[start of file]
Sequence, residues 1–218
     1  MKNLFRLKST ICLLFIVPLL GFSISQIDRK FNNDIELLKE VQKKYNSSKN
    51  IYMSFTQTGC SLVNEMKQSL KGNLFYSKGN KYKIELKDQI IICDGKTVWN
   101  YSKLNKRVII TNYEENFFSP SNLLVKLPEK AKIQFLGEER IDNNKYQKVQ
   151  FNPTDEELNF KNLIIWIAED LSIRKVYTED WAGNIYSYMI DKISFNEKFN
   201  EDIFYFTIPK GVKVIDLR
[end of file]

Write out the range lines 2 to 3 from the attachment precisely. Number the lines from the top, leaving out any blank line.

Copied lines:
     1  MKNLFRLKST ICLLFIVPLL GFSISQIDRK FNNDIELLKE VQKKYNSSKN
    51  IYMSFTQTGC SLVNEMKQSL KGNLFYSKGN KYKIELKDQI IICDGKTVWN